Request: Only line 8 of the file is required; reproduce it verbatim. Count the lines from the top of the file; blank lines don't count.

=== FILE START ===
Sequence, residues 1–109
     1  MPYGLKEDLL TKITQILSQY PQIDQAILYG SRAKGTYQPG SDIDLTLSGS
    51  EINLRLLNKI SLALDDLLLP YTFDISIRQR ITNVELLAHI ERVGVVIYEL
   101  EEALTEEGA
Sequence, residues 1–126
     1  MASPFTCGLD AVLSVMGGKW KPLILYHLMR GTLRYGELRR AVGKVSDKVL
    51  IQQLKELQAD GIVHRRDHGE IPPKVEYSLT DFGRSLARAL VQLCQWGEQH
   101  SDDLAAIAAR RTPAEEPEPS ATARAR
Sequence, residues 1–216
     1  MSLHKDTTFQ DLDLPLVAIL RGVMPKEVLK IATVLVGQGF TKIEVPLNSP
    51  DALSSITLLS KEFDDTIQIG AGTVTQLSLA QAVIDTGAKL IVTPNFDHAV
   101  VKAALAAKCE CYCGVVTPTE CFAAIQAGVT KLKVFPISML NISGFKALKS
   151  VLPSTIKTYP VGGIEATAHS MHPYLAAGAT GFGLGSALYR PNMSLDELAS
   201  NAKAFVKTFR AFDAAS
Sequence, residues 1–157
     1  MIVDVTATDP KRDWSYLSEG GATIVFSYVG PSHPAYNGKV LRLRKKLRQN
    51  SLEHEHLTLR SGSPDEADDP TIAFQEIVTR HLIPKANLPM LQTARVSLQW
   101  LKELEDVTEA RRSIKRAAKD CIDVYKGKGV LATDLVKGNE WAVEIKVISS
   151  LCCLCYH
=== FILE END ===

   101  SDDLAAIAAR RTPAEEPEPS ATARAR